Ovarian cancer and women's magazines: A content analysis of articles. Fact and optimism or fiction and pessimism?
Tamasy, Marguerite Alex
MetadataShow full item record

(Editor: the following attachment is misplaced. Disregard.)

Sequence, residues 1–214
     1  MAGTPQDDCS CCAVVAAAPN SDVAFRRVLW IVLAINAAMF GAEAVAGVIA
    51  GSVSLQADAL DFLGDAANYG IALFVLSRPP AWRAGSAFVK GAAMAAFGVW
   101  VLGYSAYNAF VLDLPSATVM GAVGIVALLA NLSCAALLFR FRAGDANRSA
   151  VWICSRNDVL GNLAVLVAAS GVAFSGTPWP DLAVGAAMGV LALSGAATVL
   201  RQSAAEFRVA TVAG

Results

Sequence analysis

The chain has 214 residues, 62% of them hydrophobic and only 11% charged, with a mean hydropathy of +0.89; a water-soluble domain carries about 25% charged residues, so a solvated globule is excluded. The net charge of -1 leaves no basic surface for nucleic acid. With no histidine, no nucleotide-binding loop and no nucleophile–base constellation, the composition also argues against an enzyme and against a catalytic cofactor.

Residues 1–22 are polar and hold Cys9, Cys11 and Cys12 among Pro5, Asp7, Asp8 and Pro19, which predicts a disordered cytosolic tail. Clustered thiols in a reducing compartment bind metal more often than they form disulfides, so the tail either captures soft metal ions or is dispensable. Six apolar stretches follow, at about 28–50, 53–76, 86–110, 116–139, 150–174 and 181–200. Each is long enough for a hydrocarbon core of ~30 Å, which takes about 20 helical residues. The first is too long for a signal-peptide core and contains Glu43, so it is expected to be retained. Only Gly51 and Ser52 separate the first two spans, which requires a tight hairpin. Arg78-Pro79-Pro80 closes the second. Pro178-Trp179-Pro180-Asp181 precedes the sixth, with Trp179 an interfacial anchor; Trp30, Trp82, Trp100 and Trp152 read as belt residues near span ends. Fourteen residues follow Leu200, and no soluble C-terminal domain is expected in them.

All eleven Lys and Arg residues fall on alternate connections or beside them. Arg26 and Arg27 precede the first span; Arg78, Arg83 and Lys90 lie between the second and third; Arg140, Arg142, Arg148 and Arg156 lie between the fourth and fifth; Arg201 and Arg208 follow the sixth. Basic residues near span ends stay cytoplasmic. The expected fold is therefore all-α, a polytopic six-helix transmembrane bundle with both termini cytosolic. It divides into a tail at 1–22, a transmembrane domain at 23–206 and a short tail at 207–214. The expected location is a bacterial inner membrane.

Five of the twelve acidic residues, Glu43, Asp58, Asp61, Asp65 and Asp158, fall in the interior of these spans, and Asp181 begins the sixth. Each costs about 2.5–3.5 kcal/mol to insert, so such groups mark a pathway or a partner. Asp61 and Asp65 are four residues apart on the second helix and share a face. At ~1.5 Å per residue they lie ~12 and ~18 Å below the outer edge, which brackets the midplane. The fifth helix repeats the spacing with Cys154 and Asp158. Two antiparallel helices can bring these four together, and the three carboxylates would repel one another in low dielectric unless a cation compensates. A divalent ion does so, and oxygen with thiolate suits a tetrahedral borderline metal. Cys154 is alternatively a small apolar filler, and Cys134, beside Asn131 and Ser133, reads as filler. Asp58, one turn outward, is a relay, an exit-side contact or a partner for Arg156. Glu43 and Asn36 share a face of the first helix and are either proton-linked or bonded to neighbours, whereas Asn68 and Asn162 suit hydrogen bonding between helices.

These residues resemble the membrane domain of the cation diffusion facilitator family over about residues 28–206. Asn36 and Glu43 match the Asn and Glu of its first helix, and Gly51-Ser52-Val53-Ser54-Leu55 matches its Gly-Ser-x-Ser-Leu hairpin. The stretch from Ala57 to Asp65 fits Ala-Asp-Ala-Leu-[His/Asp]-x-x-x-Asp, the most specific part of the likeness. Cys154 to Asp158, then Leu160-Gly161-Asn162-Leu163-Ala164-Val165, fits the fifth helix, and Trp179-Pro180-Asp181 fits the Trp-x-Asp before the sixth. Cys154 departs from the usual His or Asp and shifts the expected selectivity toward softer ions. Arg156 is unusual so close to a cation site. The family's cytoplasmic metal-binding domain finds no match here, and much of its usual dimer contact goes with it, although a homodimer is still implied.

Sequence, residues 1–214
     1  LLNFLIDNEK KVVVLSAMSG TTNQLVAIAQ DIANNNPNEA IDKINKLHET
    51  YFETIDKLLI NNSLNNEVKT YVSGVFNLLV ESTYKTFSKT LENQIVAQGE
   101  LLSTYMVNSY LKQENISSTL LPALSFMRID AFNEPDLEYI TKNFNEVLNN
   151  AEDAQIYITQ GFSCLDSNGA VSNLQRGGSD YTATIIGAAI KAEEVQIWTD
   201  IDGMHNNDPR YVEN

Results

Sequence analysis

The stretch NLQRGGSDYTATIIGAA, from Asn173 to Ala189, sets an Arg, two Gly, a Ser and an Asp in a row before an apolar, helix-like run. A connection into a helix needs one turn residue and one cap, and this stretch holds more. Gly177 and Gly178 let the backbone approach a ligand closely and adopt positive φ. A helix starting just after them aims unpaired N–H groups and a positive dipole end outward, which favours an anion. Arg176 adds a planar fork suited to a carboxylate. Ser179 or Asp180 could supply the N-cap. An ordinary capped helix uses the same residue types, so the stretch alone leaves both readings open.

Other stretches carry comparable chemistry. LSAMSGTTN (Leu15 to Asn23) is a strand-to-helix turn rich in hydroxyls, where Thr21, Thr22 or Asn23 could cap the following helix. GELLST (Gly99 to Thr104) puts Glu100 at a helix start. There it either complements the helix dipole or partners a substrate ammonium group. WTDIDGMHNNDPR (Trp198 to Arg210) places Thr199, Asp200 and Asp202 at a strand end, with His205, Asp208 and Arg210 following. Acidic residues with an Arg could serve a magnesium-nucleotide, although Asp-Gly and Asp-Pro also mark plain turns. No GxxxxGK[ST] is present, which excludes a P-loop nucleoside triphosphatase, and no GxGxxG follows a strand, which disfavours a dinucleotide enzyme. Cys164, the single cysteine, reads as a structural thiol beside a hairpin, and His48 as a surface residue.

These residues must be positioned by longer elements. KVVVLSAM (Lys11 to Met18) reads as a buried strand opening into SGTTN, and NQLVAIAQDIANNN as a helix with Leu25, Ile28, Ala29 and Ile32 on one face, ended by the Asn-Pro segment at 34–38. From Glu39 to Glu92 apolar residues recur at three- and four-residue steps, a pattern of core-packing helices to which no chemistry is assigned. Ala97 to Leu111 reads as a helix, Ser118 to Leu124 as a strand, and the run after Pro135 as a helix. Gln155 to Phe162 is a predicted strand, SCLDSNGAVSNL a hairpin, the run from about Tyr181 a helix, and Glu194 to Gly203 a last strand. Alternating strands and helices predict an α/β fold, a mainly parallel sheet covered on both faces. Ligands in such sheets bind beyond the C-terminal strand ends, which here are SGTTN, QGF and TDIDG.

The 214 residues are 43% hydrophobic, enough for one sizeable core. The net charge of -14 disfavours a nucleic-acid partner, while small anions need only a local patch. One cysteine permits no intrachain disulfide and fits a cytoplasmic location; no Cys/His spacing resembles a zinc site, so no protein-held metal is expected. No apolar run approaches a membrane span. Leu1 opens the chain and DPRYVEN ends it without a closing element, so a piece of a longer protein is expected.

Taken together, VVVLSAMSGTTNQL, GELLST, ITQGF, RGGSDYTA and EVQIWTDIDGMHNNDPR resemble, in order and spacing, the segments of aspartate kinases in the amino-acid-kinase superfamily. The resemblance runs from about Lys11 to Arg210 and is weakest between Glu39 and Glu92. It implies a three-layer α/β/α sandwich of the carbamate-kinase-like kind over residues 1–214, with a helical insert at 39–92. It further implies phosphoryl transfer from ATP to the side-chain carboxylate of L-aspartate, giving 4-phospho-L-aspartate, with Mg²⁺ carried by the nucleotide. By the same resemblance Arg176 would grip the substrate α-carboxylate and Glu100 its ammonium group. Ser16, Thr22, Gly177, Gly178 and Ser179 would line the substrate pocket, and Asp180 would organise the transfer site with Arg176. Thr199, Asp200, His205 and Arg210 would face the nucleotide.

The purpose of this study was to explore the articles (n = 22) in women's magazines, pertaining to ovarian cancer and determine if they contained information of a conceptual, educational and optimistic nature. The Health Belief Model was the theory utilized, focusing on the concepts of susceptibility, severity and threat. The review of the literature detailed research pertaining to ovarian cancer, the health Belief Model and the role of media in health education. Content analysis was the method. A dictionary and coding sheet was developed. A pilot study was conducted. Statistical analysis revealed moderate to high correlation for the two sets of scores indicating the coding sheet to be reliable. Validity was established by consulting experts in theory, cancer and content analysis. The sample included twenty-two articles that were electronically retrieved from nine of the tope women's magazines. The findings found one of the seven hypotheses pertaining to the level of threat and recommended health seeking activities to be positively correlated at a level of .86. This result indicated that the articles in the women's magazines that were reviewed, conceptually provided the necessary threat to prompt women to seek care and balance this information with recommended resources. Research supports this approach (Kash et al., 2000). Reputable leaders in gynecology/oncology as well as personal accounts were used as sources of reference. Eighteen of the twenty-two articles were completely accurate. Inaccuracies pertained to reports of scientific studies, statistics and treatment. The term “silent killer” appeared in four articles. Magazines appear to apply the research that negates this term (Goff et al., 2000). Optimism was balanced by pessimism. Recommendations include replicating this study utilizing a larger sample and possible revision of the coding tool for other diseases. The role of the health educator as an evaluator of health information was reviewed.